CURRENT SERIES:
Understanding the Subpopulations of Pulmonary Hypertension

PH and PAH: Mechanisms of Action of Common Treatment Pathway

Brief review of the endothelin, prostacyclin, and nitric oxide pathways and how they are targeted in patients with PH or PAH.


Brief review of the endothelin, prostacyclin, and nitric oxide pathways and how they are targeted in patients with PH or PAH.

Transcript
Charles D. Burger, MD: The FDA-approved therapies for pulmonary arterial hypertension [PAH] target 1 of 3 pathways. Endothelin, more specifically endothelin-1, is produced by the body and causes the blood vessels to constrict or narrow by acting on the vascular smooth muscle cells in the wall of the blood vessel, causing it to tighten up. The idea is to block the effect of endothelin on the blood vessels, on the vascular smooth muscle cells specifically, allowing them to be more open so more blood flow can go through the lung and the heart doesn’t have to generate as high a pressure against that resistance. The heart can function more normally, and the patient has fewer symptoms. There are 3 medications that are FDA approved in that pathway that block the receptor to endothelin on the vascular smooth muscle cells. They’re called endothelin receptor antagonists: bosentan, macitentan, and ambrisentan.

A second pathway—and one that we probably understand the best, because historically it’s been the area of focus in which we’ve had medication for the longest period—is the prostaglandin pathway, or the prostanoid pathway. These agents are also produced by the body, but they open up blood vessels and help keep them healthy. You want to try to reproduce that effect in the body by giving a medication that acts as a prostaglandin, or is a prostaglandin, or acts on receptors and produces the same effect as the prostaglandin.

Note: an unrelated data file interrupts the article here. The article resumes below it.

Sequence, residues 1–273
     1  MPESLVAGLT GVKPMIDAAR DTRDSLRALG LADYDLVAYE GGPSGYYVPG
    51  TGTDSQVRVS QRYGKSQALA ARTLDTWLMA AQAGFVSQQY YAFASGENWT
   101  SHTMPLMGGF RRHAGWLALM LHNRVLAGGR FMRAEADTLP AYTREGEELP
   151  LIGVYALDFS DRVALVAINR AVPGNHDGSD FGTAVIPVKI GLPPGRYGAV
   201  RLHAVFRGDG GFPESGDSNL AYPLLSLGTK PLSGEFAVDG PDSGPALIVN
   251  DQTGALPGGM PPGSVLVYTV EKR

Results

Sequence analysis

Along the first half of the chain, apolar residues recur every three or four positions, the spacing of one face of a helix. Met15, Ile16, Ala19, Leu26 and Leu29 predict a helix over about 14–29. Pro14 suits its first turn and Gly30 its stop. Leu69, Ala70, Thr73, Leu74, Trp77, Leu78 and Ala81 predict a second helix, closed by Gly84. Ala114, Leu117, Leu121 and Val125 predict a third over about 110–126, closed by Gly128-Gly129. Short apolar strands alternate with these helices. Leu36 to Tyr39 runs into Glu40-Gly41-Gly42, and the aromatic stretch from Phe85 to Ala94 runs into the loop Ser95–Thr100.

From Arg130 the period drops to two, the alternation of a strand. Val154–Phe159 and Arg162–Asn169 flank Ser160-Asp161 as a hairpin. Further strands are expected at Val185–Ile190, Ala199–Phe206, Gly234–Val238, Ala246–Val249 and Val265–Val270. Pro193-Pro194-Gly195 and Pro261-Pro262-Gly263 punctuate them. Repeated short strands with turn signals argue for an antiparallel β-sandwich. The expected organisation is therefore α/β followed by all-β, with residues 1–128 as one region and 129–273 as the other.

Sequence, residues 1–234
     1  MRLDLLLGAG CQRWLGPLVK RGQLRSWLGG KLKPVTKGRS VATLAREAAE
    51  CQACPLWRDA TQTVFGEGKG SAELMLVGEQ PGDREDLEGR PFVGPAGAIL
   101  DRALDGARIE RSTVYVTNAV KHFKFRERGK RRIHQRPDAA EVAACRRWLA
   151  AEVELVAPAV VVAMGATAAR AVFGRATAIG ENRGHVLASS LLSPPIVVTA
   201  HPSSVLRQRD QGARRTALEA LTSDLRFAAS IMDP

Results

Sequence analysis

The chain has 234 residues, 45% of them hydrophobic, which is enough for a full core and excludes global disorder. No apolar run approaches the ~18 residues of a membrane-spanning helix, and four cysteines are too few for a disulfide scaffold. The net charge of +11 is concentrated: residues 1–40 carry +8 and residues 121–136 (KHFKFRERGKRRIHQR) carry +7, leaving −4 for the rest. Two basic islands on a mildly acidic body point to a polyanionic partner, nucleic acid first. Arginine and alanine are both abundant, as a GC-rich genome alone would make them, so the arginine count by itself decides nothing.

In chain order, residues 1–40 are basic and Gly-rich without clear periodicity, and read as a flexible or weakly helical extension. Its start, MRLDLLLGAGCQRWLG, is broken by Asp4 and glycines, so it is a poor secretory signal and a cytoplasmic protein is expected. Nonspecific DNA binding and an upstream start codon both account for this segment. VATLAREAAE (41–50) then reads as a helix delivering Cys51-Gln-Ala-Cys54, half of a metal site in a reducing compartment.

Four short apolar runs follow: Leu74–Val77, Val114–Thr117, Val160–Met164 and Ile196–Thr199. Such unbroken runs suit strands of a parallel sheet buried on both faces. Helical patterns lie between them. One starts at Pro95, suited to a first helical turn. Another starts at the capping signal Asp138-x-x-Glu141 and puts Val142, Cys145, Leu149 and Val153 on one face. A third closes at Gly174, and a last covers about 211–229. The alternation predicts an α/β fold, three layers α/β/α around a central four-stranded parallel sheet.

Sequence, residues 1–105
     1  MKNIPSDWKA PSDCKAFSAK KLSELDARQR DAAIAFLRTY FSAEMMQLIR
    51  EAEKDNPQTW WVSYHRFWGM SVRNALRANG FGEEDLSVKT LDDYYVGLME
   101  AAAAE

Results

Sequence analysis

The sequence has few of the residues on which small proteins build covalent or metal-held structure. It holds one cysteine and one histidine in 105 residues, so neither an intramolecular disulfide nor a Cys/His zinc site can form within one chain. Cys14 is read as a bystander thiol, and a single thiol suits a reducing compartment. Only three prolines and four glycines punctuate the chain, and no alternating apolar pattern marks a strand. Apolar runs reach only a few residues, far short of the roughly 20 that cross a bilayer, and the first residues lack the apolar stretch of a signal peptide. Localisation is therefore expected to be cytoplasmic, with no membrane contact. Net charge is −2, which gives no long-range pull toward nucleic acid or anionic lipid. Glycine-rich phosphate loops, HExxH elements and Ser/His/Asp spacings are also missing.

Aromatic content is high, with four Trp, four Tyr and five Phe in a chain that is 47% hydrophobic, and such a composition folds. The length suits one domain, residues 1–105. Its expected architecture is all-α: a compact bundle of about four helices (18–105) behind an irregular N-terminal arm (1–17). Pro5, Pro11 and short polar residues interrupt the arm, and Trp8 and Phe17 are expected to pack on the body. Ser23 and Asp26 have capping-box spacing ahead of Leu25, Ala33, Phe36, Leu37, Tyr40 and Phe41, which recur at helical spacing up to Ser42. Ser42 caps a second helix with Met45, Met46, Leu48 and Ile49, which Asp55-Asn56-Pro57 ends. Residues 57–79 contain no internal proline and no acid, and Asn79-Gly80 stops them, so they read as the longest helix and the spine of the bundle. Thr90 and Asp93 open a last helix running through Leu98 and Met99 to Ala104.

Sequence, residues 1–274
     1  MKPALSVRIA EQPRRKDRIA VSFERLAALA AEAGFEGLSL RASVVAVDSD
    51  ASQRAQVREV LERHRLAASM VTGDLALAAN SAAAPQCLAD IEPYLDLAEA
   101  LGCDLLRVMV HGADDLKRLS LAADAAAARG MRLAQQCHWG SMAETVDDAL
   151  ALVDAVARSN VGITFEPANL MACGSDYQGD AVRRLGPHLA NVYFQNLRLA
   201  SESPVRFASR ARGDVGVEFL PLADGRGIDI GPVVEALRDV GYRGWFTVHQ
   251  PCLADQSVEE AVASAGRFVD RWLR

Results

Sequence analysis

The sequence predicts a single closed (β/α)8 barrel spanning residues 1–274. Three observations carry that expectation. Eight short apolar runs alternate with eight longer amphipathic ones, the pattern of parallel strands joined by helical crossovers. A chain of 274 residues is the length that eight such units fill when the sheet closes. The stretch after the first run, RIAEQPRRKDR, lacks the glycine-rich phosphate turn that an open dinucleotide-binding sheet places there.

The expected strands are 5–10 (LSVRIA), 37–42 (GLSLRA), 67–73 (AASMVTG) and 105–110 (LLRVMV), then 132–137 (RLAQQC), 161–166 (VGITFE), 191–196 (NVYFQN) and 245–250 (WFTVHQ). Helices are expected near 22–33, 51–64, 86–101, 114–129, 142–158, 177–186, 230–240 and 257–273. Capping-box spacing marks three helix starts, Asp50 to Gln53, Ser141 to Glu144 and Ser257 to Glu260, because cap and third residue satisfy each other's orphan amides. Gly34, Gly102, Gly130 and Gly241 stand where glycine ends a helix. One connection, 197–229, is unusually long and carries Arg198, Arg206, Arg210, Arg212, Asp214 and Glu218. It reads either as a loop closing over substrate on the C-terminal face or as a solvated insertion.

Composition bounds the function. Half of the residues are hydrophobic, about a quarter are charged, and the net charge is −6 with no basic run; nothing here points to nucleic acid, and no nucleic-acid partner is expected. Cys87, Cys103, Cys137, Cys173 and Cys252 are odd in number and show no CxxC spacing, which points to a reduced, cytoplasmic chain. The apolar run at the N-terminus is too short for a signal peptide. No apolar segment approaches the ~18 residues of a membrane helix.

The third and final pathway is nitric oxide. Some folks get this confused with nitrous oxide, which is laughing gas. It’s not the same thing. Nitric oxide does open up blood vessels, and there are a variety of medications that are approved in this pathway. One of the 2 ways to impact nitric oxide is to increase production. Riociguat is being approved for Group 4 chronic thromboembolic disease and stimulates a pathway that increases the production of nitric oxide, the soluble guanylate cyclase pathway. The other medications block the breakdown of nitric oxide. They’re called PDE5 [phosphodiesterase-5] inhibitors, and they include sildenafil and tadalafil. They keep the nitric oxide the body has produced around longer, opening up blood vessels.

I will say that the long-term benefit of all 3 of these targeted pathways is what we call antiproliferation effect. It helps to heal the blood vessels, which have been scarred or changed morphologically to a certain extent. In the disease state, it helps the vessels go back toward a more normal anatomy, a more normal physiology, and a more normal functional state. It isn’t just the immediate effect of vasodilation, opening up blood vessels, it’s this antiproliferative benefit that’s very important and why the patients are generally on medication indefinitely.
 
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